in any mood to play games.

      I'd bet they have seen most of this before. Bankruptcy court is full of people
      and companies hiding assets and all sorts of other stuff from the Court and
      their creditors.I's imagine it will make everyone involved suspicious and
      cynical.

      The Trustee has objected to all of SCO's maneuvers and the Judge has granted
      Novell's death motion.

      The Bankruptcy court has more power than the District court to short circuit
      stuff, partly because the debtor has come to the court asking it to bail them
      out.

      The speculators are circling like the vultures they are.

      ---
      Rsteinmetz - IANAL therefore my opinions are illegal.

      "I could be wrong now, but I don't think so."
      Randy Newman - The Title Theme from Monk

      [ Reply to This | # ]

      Deliberate vagueness?!
      Authored by: Anonymous on Friday, November 30 2007 @ 11:39 AM EST
      "The U.S. Trustee submits that the Debtors must better explain the adequacy of the sale process before this Court can fully evaluate the relief requested."

      What is required to explain the "adequacy of the sale process"?! Or, has the U.S. Trustee started to be as vague, as SCO likes to be, like a you-better-find-out-yourself"-sort-of-kind-of-attitude? I didn't see a reference to any tests.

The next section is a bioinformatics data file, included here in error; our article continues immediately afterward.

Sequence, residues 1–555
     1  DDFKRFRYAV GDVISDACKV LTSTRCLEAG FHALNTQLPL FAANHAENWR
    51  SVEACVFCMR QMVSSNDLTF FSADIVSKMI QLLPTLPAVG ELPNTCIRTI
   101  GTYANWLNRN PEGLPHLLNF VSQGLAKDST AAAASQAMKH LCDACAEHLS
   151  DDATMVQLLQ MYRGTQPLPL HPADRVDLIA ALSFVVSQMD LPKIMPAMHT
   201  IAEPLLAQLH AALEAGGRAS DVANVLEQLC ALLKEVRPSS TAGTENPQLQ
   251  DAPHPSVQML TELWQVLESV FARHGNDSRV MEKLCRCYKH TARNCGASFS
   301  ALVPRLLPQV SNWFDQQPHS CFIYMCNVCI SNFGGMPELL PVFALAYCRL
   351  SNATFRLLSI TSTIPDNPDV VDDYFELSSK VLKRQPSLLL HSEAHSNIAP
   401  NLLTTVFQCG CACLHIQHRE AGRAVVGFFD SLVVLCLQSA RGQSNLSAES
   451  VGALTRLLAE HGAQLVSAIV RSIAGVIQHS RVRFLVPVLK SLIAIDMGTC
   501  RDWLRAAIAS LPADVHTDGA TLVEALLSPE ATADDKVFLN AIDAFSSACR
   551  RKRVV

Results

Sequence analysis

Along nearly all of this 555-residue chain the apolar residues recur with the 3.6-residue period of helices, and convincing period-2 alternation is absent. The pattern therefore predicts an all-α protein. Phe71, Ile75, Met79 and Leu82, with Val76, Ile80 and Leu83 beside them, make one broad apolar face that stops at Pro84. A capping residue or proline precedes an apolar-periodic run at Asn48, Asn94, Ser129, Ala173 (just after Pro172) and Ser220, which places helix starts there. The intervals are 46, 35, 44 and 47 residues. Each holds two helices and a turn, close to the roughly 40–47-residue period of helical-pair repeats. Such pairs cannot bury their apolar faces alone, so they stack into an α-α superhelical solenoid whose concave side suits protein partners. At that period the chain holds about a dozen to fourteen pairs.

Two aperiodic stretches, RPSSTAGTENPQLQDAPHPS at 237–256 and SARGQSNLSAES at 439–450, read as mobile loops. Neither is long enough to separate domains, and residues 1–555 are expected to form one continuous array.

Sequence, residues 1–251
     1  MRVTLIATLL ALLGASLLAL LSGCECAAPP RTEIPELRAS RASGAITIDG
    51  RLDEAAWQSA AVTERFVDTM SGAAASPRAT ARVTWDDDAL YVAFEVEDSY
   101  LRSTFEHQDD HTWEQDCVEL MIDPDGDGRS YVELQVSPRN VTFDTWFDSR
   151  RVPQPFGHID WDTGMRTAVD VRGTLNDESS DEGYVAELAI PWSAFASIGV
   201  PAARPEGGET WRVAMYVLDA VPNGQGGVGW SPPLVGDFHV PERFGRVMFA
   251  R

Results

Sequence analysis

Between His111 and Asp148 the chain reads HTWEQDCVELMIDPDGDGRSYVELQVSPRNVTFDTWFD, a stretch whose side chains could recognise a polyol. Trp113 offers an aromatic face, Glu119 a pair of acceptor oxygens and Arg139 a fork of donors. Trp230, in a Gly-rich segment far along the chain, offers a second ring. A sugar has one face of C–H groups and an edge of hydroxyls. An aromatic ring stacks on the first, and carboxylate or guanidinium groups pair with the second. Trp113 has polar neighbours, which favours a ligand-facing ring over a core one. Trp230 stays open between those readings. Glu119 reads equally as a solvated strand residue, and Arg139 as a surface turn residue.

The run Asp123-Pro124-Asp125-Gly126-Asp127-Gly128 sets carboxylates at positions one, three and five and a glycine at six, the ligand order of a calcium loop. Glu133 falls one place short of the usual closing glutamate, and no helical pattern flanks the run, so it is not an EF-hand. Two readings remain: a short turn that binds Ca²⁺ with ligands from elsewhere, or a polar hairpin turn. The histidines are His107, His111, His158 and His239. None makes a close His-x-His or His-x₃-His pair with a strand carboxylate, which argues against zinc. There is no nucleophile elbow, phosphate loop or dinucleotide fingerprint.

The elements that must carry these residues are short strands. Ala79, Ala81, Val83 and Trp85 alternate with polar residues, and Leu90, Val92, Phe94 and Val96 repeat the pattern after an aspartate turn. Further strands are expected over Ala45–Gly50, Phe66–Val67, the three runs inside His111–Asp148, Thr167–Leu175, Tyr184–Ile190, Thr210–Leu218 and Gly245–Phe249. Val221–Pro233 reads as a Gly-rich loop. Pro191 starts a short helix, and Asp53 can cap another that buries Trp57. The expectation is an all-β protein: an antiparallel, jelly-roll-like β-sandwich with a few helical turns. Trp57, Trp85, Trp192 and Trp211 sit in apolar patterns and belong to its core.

What do you think?




      ---
      IMANAL - I'M Absolutely Not A Lawyer

      [ Reply to This | # ]

      WSJ - Judges tackle "foreclosure" mill
      Authored by: Anonymous on Friday, November 30 2007 @ 12:01 PM EST
      An article in todays WSJ (paper edition, sorry no link) on lawyer firms filing
      false or shoddy motions. Sanctions in some cases.

      Law firms handling foreclosures on behalf of mortage lenders use
      "software" to complete the forms. In some cases the listed creditor
      does not have the proper forms to show ownership of the mortage, in some cases
      the wrong person is cited, and other errors.

      An interesting read, considering the "loopy" motions being filed.

      [ Reply to This | # ]

      Now the US Trustee Objects to the Patent Sale Too
      Authored by: Anonymous on Friday, November 30 2007 @ 12:32 PM EST